Palm oil shipments from Indonesia, the world’s biggest producer, probably advanced for the first time in four months in May on increasing demand for the Muslim fasting month of Ramadan. Prices climbed to a three-month high.
Exports of the cooking oil, used in everything from noodles to biofuel, rose 5.4 percent to 1.57 million metric tons from April, the median of estimates from three plantation executives, a refiner and an analyst compiled by Bloomberg showed. That’s the first gain since an 8.2 percent increase in January. Output dropped 4.8 percent to 2 million tons and inventories decreased 7.1 percent to 2.6 million tons, the survey showed.
Purchases before Ramadan, which starts in July, may extend a rally in futures for a second month as stockpiles in the second-largest producer Malaysia drop to an 11-month low. While Standard Chartered Plc forecasts demand will outstrip supply in 2013, Dorab Mistry, a director at Godrej International Ltd., said last month prices will drop after July as output climbs. Communal meals during the fasting month increase demand.
“Buyers have started to boost imports to meet increasing cooking oil consumption for Ramadan,” Hariyanto Wijaya, a Jakarta-based analyst at PT Mandiri Sekuritas, a unit of the nation’s largest lender by assets. Stockpiles, estimated at a record 3.5 million tons in January, may start to increase again as demand slackens after July and output gains, he said.
Futures advanced as much as 0.7 percent to 2,480 ringgit ($786) on the Bursa Malaysia Derivatives in Kuala Lumpur today, the highest level since March 25. Prices are up 3.2 percent this month after rising 4.9 percent in May. The Indonesian Palm Oil Association, which doesn’t release output and stockpiles data, may publish the export figures next week.
Palm may drop to 2,000 ringgit a ton as output climbs in Indonesia and Malaysia, rebuilding stockpiles, Mistry said on May 21. Reserves in Indonesia may recover and begin to increase before peaking again in the fourth quarter, he said.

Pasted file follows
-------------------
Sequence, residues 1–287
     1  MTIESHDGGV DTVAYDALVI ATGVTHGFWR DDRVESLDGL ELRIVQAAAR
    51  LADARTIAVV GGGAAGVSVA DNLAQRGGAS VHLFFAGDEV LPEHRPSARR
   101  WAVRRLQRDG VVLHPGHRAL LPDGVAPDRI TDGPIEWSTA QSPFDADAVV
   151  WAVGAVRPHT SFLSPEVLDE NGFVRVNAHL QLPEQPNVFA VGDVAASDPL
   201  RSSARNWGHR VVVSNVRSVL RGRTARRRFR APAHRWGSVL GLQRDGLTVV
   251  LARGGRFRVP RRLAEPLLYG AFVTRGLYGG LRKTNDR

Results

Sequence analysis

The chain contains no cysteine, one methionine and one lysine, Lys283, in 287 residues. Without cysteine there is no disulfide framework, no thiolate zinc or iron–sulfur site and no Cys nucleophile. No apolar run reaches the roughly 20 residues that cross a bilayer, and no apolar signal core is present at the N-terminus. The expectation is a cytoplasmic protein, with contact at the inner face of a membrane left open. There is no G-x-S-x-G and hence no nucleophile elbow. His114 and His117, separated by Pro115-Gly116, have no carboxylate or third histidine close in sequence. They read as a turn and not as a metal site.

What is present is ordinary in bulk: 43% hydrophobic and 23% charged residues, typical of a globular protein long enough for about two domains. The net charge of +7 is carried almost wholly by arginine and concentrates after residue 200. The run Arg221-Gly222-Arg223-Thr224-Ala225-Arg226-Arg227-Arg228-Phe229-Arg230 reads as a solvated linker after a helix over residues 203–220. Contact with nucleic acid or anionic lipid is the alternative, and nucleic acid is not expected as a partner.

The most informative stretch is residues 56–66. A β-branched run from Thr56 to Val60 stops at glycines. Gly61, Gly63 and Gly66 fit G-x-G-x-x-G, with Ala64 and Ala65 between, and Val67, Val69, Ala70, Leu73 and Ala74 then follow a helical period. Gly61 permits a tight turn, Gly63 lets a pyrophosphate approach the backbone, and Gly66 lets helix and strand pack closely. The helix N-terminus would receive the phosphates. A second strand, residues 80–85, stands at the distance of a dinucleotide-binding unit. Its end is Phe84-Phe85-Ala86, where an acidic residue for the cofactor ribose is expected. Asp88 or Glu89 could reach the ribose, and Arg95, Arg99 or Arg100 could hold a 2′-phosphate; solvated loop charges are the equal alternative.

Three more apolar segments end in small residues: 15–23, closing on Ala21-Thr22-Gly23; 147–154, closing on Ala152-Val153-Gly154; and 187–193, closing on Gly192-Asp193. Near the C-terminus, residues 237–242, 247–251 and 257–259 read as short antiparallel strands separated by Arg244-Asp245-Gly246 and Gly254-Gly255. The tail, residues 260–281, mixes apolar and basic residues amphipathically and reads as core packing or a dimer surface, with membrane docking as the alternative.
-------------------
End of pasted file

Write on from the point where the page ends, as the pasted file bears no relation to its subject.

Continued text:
Inventories in Malaysia fell 5.1 percent to 1.82 million tons in May as output growth slowed, the nation’s palm oil board said June 10. Exports from the country jumped 18 percent to 709,860 tons in the first 15 days of this month, surveyor Intertek said on June 15. The Indonesian Palm Oil Board said last month production will reach 28 million tons from 25.7 million in 2012.
That estimate was lower than an earlier forecast of 30 million tons, Abah Ofon, an analyst at Standard Chartered in Singapore, said in a June 10 report, which estimated prices to average 2,600 ringgit in the third quarter and 2,750 ringgit in the last three months of 2013.
“We expect CPO prices to be supported by lower-than-expected output from Indonesia,” Ofon said, referring to palm oil by its initials. “We believe that its 2 million-ton production cut will stem any sustained decline in CPO prices.”
While palm’s discount to soybean oil has narrowed to less than $300 per ton, it’s still at “attractive levels for consumers relative to other vegetable oils,” Pawan Kumar, an analyst at Rabobank International, said last week. The discount was at $270.86, data compiled by Bloomberg showed.
Imports by India, the biggest buyer, rose 10 percent in May to 755,871 tons, the highest level in three months, the Solvent Extractors’ Association of India said June 13. Demand may climb after reserves at major ports in China, the second largest user, fell to 1.32 million tons, researcher Grain.gov.cn said June 7.